NYU Black Renaissance Noire Winter 2014 - Page 98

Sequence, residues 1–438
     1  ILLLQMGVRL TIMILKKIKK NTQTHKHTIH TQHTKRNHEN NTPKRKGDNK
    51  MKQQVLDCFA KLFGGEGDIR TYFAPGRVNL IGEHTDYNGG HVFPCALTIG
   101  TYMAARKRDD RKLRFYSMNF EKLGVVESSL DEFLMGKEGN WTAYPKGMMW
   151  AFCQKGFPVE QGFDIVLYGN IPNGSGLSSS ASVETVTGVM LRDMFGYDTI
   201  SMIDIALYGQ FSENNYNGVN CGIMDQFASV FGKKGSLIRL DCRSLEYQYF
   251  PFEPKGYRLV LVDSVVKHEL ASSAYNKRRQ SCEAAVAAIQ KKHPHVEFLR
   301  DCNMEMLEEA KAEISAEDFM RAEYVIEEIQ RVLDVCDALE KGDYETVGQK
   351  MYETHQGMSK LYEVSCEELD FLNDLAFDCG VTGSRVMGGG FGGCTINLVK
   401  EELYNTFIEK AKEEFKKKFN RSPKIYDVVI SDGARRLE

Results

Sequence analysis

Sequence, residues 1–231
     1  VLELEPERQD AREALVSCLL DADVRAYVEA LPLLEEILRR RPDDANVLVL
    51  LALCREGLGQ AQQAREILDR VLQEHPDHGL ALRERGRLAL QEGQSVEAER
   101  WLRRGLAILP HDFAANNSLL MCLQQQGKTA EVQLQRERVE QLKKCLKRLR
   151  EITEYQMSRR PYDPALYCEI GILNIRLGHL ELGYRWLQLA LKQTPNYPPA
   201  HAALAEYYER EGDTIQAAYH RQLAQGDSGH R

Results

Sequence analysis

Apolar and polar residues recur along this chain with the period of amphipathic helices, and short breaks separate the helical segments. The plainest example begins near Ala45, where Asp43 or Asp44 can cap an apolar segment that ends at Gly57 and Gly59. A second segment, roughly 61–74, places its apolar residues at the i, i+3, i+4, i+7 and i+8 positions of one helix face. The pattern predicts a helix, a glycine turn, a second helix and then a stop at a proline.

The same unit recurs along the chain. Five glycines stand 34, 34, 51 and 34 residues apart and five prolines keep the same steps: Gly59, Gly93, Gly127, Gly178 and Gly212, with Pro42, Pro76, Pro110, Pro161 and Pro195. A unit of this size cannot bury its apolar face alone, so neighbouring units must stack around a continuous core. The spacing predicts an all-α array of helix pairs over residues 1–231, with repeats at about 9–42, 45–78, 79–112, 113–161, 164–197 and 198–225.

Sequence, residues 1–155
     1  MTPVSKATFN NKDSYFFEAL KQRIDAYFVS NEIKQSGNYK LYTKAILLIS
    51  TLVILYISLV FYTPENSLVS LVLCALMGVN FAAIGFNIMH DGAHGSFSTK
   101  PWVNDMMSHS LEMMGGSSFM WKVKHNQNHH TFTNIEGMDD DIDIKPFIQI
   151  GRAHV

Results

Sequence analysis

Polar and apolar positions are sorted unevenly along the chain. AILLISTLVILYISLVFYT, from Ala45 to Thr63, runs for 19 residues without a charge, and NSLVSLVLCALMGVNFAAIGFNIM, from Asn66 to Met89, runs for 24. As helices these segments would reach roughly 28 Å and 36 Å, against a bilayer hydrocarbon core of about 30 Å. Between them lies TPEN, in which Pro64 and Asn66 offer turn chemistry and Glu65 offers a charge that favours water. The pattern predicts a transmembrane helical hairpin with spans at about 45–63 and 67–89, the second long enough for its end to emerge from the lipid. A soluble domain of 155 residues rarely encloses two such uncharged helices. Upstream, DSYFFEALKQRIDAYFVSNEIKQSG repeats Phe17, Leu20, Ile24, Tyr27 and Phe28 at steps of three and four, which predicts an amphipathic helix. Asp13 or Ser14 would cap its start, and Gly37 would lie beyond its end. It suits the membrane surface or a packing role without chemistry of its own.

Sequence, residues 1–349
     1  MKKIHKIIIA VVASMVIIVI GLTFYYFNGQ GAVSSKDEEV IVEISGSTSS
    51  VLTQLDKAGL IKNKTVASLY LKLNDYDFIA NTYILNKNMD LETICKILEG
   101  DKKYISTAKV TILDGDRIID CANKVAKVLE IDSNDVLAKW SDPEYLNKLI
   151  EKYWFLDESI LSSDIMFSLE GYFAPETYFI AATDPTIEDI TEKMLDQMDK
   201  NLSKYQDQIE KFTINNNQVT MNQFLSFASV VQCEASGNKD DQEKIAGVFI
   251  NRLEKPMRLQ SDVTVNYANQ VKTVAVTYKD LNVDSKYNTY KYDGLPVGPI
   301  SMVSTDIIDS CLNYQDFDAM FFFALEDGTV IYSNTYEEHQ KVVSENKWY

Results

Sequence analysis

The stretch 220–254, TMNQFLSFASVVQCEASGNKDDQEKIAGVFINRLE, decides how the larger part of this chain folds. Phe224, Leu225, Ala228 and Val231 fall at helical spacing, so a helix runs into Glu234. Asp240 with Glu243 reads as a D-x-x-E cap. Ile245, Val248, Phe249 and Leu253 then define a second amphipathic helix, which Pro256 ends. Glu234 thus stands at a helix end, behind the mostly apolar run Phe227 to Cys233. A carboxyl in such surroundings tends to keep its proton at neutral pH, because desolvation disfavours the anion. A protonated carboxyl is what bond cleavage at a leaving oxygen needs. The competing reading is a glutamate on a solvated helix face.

Brenda Marie Osbey Note to Clyde Taylor A lump of raw sugar mixed with butter and wrapped in plain kerchief was the standard daily fare of enslaved infants and children on Louisiana sugar plantations whose mothers were employed either as mammies to the slaveholders’ infants, or else set to labor in the canefields, or even inside the city of New Orleans, and thus were unavailable to breastfeed their own. It was aptly called tette-a-suc’ — sugar tit. Though sometimes offered by older women past lactating, more often this was the job of girls as young as four or five. Not only were infants and children thus consistently fed a diet of no imaginable nutritive value; at a very young age, girl-children were suckered, as it were, into a false belief that they were providing sustenance, and simultaneously made com Ɩ6